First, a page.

Verdict: Reliable would be the best word to describe the sE Electronics V Pack Arena Drum Microphone Package. It’s a great set of high-end mics that can be used for any professional setting. The snare mic was the standout piece for us, but just note that it has a large body that may make it tricky to position comfortably.
Another budget microphone kit that is highly worth considering.
This microphone pack has been one of the most popular budget options for about a decade. The included microphones are very good for their price, and you could get away with using them in professional settings.
If you’re looking for something affordable but weren’t impressed with our main budget option, you should consider the slightly more expensive Samson mic kit. It seemed as though every drummer owned this pack at a stage, which goes to show popular these mics are.
They’re not great compared to the higher-quality professional options that we’ve listed, but they’re a good pick for drummers who don’t have big budgets.
The C02 pencil condensers are our favorite inclusion here. They pick up the overall sounds from your drum kit very well, and we found that they act as great hi-hat mics too.
The drum mics are impressive, but we also found that you’ll need to put a bit more effort into getting a good tone out of your drums. They can often sound quite boxy if you’re not careful.
Verdict: The Samson DK707 Drum Microphone Kit is a good option for budget-conscious drummers that want mics that are passable in professional settings. The C02 condenser mics stood out to us the most, but all the mics in the set work together nicely to give you a good drum sound. You just need to pay special attention when mixing to get rid of the boxy tones that these mics typically bring out.
A solid drum mic kit with unique drum mic designs.
One of the more unique drum mic kits available. The mics work the same as all the others on this list, but their body shapes are designed to make them easy to work with drum sets.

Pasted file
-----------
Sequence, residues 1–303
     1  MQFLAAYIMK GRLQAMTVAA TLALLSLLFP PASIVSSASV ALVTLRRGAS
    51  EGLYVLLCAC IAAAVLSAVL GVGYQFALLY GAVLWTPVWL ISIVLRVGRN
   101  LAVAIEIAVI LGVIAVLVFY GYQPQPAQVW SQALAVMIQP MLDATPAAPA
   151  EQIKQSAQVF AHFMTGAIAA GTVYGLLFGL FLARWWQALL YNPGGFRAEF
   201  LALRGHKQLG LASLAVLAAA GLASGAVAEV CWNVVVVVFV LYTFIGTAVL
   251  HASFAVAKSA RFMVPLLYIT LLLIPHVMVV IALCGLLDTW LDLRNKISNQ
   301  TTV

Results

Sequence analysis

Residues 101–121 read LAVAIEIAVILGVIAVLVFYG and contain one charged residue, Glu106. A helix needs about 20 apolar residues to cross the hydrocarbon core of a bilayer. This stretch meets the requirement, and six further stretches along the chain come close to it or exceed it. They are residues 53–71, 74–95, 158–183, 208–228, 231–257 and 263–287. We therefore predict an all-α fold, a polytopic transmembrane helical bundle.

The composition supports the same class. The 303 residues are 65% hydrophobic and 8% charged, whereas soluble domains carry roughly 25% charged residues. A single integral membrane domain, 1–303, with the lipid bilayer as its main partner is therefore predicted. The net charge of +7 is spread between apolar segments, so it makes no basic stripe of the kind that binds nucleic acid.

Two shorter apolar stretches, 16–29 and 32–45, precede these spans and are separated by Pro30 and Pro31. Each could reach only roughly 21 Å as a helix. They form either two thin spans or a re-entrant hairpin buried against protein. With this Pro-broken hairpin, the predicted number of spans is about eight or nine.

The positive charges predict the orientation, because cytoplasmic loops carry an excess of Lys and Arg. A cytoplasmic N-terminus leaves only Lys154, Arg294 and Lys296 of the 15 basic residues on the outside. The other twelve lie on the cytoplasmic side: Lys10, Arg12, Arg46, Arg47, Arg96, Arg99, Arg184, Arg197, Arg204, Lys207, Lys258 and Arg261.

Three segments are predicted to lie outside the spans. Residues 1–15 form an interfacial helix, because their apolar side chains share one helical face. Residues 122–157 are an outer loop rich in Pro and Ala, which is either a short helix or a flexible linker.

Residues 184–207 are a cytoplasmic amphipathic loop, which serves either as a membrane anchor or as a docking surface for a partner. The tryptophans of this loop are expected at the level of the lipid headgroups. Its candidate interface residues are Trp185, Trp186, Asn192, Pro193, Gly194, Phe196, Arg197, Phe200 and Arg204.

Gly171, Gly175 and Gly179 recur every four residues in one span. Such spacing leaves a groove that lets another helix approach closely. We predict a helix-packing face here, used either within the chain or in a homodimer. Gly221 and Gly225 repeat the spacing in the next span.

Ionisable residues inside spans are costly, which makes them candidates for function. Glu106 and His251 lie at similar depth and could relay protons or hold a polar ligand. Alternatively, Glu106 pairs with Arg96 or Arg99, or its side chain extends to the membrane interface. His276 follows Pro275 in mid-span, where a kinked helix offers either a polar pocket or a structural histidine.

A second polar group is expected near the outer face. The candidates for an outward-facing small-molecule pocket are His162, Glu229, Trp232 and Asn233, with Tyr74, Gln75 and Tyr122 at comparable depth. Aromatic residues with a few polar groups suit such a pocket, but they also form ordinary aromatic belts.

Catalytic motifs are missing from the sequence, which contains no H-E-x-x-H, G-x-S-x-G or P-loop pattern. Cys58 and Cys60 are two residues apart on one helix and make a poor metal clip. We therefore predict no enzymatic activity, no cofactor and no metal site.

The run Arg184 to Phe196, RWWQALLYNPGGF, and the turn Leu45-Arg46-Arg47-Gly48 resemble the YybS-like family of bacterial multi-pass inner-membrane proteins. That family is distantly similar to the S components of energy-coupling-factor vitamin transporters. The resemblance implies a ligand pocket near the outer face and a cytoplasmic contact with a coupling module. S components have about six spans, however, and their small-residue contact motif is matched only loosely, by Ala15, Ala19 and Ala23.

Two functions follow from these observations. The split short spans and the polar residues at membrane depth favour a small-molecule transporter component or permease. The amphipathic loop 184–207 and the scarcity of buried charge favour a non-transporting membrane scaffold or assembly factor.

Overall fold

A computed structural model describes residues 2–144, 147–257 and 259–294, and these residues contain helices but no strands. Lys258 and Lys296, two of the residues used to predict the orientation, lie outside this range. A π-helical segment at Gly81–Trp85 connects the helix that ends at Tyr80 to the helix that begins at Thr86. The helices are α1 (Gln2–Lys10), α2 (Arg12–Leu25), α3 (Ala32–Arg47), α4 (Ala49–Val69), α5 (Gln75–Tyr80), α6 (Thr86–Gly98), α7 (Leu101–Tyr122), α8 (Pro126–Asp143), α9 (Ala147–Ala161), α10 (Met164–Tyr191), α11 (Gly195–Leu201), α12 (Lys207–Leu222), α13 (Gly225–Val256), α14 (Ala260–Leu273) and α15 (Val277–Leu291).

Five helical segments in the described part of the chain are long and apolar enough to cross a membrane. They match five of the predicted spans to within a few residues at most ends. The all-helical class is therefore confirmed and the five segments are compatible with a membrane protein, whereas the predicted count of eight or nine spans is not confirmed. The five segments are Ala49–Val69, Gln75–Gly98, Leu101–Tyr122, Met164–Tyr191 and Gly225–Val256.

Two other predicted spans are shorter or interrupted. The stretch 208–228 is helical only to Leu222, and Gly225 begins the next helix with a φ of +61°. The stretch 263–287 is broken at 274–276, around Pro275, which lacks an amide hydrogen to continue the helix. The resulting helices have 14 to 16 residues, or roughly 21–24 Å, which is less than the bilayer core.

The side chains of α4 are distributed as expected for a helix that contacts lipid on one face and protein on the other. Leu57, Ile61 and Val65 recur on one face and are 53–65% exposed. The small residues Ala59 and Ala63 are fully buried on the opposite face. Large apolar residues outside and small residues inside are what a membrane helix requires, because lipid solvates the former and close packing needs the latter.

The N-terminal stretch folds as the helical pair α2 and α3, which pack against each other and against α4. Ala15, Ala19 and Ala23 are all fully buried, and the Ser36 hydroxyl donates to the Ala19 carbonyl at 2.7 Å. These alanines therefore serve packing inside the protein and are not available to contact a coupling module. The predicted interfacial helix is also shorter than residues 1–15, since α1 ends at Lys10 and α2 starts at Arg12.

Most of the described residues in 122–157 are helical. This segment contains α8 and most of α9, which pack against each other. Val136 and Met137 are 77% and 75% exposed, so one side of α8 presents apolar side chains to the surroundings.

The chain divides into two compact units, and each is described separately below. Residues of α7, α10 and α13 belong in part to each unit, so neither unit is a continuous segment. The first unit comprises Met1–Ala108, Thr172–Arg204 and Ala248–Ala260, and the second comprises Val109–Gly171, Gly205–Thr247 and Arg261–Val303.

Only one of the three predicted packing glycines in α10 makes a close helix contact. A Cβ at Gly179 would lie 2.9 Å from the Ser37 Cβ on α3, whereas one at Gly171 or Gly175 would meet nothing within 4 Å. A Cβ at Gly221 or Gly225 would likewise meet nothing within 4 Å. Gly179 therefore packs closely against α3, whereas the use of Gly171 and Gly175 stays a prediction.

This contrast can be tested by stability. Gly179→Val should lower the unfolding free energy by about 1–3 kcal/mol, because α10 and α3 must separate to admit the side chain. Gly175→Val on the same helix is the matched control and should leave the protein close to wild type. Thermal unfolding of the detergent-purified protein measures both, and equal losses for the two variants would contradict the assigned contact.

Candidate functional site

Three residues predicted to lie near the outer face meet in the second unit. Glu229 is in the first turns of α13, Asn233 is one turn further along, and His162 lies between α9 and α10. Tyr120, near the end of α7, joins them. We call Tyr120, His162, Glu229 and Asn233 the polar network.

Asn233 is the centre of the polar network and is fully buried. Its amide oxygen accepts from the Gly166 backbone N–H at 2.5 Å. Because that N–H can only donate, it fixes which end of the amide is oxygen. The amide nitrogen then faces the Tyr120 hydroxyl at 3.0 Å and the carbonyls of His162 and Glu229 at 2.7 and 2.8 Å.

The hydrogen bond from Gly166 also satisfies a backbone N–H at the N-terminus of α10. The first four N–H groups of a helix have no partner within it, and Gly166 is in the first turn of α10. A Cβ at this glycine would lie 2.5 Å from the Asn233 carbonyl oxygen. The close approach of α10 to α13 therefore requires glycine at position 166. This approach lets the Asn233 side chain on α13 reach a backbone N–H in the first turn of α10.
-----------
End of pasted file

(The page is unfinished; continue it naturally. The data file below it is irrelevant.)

The gooseneck mount designs were the first thing we noticed when checking out this microphone kit. Typically, gooseneck designs are hit or miss, but we found these ones to feel very solid and stable, and we were able to get much easier placements on the drums compared to mics that mount with clips.
In terms of sound quality, we found the two TG D57 mics to be very sensitive. These are the mics that we’d suggest placing on your snare and floor toms to get extended clarity with ghost notes and subtle strokes. The TG 58 mics weren’t as sensitive, so those worked better as rack tom mics.
The TG D71 kick mic is a boundary microphone, which is the name given to mics with a unique body. It works similarly to standard kick mics, and we loved how much low-end it picked up. The TG I53 overheads were fantastic as well.
Verdict: The Beyerdynamic TG Drum Set Pro Large Microphone Kit is a cool option for drummers who want something slightly different in terms of physical designs. While these mics look very different from most others, they still work in exactly the same way. The drum mics have gooseneck designs that we can confidently say work very well.
A professional drum microphone kit that offers amazing clarity in the mix.